At first glance, it looks so reasonable. The recent report from the venerable Employee Benefit Research Institute on shifting from the current Social Security system to one embracing what they refer to as individual accounts purports simply to ask "critical questions of how they would work."
But what should one make of a study stating that administrative costs under a privatized system would fall somewhere between 10 and 200 basis points? I could easily come up with a private system that would cost much more than 200 basis points, but it would be meaningless, because no policy-maker in his or her right mind would adopt it.
Not to put too fine a point on it, the EBRI study simply assembles every conceivable objection to privatization, no matter how unlikely, and uses them to engender doubts about fundamental reform.
The timing of the EBRI study is no accident. During the past year, a broad consensus has developed on key issues in the Social Security reform debate.
Everyone now knows, for example, that the current government-run, pay-as-you-go system is in serious trouble and cannot pay for promised retirement benefits within the present tax structure. It's also widely acknowledged that most of today's younger workers will get a return of zero or less from Social Security, and trying to solve the problem by raising payroll taxes or postponing the retirement age only turns a bad deal into something much worse. Finally, it's abundantly clear that returns in a system of private retirement accounts would be three to five times higher than those promised by the government system.
One clear measure of this growing consensus is the endorsement of partial privatization by key congressional Democrats like Sens. Daniel Patrick Moynihan and J. Robert Kerrey, and a pretty clear inclination on President Clinton's part to consider the idea.
Skeptics and opponents of a privatized system, recognizing this consensus has taken hold, have begun trying to shift the debate instead to the cost (and complexity) of administering a system of personal retirement accounts, or so-called PRAs.
The EBRI study is the most strident example of this approach so far. It offers a laundry list of purported administrative obstacles, including "higher administrative costs" and "significant employer burdens - especially on small businesses." Their bottom line: "The current body of knowledge is too uncertain, and the proposals to date are too vague, to make an objective estimate of how much an individual account system would cost to administer."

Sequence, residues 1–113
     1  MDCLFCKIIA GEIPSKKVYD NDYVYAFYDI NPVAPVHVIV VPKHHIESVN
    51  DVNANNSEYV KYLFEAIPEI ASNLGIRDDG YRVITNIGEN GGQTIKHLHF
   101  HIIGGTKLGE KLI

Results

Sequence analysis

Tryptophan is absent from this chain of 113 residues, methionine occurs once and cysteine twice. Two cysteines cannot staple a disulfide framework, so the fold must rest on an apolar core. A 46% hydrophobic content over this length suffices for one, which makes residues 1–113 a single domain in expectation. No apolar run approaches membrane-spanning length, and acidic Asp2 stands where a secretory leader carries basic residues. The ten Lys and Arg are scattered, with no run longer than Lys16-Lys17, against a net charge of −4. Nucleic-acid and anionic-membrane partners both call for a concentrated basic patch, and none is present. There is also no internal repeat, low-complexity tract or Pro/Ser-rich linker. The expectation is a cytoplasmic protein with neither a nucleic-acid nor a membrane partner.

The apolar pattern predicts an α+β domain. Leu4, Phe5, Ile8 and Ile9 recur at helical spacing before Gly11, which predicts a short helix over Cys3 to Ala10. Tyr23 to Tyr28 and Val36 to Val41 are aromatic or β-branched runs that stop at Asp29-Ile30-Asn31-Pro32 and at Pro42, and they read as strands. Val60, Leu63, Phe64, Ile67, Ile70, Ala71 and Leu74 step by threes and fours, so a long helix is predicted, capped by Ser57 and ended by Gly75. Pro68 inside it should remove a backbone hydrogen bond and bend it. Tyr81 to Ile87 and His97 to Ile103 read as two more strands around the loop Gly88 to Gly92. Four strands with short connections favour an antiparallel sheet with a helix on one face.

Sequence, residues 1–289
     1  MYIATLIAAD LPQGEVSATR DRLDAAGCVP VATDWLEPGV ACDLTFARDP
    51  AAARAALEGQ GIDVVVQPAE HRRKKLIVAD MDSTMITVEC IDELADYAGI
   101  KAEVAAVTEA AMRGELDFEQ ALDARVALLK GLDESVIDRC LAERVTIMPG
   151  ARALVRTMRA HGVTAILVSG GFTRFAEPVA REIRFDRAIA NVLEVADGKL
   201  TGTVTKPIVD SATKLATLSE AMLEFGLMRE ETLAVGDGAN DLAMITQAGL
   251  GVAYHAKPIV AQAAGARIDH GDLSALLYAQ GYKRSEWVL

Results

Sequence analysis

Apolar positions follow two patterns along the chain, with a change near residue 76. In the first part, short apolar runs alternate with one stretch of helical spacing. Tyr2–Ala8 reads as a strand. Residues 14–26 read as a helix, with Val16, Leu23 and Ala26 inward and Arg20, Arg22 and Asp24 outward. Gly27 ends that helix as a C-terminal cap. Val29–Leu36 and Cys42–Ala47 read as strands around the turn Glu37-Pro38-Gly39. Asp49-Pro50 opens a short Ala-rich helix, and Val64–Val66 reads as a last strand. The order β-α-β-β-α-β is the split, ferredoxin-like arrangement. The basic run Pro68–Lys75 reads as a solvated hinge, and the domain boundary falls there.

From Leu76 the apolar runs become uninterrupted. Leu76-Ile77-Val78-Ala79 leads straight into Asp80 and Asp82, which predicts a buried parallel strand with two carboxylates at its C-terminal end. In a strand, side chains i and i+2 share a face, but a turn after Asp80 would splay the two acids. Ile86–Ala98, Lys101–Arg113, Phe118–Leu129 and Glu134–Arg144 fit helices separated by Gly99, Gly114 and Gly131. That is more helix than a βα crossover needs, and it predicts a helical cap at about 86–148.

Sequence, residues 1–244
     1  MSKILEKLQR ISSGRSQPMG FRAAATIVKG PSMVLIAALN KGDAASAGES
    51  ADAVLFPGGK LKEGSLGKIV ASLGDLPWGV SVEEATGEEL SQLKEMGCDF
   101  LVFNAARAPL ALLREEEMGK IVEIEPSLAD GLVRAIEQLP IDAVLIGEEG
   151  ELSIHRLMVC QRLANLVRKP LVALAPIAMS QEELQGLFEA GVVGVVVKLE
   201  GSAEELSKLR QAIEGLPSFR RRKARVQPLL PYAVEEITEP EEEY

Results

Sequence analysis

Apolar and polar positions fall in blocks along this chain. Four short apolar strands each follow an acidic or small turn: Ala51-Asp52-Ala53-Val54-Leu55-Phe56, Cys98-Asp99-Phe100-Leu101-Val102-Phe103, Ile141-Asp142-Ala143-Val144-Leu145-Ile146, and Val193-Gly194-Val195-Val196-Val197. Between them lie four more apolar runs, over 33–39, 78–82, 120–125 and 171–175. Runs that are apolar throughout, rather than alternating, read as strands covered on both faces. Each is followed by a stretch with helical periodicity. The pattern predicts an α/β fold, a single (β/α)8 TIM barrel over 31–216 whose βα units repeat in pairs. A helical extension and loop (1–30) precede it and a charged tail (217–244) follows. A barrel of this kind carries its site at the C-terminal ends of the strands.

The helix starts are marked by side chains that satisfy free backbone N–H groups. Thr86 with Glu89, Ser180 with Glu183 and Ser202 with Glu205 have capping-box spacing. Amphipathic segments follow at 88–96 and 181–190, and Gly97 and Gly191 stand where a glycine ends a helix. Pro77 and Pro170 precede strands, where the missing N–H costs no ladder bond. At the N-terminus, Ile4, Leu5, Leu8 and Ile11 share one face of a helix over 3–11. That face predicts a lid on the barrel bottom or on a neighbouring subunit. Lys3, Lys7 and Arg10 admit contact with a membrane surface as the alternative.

With all due respect to EBRI, our knowledge of the cost of running privately owned retirement accounts isn't so murky at all. Let's look at what we do know.
The cost of administering the current Social Security system is fairly low (roughly $10 per year per worker), primarily because the Internal Revenue Service serves as the collection agent, and because there is no money management function.
To say that the government-run system is relatively efficient based on administrative costs alone is similar to saying that a Trabant (a cheap East German car that never worked) is less expensive than a Taurus or a Mercedes. While it's true, the fact is most people prefer to pay more for a car that actually will get them somewhere than to pay less for one that won't. The relative efficiency gains in administering the current system are overwhelmed by the inefficiency of the government-run system in providing the best return for a given contribution.
Administrative expenses in a PRA system will depend on the degree to which Congress and the president impose rules and regulations. If wise decisions are made, administrative costs will be close to or only modestly higher than those in the current system. At the same time, for no more cost, workers will receive the benefit of safe, secure retirement incomes that are substantially greater than under Social Security.